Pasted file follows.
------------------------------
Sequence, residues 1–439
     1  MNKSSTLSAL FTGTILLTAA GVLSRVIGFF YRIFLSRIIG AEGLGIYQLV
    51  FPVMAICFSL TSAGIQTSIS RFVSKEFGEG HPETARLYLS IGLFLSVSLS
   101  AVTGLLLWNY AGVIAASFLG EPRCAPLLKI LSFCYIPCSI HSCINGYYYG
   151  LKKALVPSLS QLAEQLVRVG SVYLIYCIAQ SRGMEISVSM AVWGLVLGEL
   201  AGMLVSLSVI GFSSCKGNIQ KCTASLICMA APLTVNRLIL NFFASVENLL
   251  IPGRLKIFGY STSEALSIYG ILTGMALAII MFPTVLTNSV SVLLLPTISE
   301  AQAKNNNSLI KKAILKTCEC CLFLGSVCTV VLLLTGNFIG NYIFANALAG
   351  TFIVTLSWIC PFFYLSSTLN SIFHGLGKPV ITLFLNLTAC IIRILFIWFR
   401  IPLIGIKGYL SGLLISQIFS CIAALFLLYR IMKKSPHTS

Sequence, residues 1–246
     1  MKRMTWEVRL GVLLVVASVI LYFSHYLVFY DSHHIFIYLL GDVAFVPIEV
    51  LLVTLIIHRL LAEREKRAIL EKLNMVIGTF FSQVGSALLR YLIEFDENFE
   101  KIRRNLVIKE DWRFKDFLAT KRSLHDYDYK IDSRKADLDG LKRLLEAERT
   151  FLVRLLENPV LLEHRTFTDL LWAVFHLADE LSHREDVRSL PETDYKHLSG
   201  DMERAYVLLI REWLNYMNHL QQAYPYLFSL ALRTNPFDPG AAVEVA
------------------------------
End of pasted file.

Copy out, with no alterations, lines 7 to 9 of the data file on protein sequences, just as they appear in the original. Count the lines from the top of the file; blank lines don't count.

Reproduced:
   251  IPGRLKIFGY STSEALSIYG ILTGMALAII MFPTVLTNSV SVLLLPTISE
   301  AQAKNNNSLI KKAILKTCEC CLFLGSVCTV VLLLTGNFIG NYIFANALAG
   351  TFIVTLSWIC PFFYLSSTLN SIFHGLGKPV ITLFLNLTAC IIRILFIWFR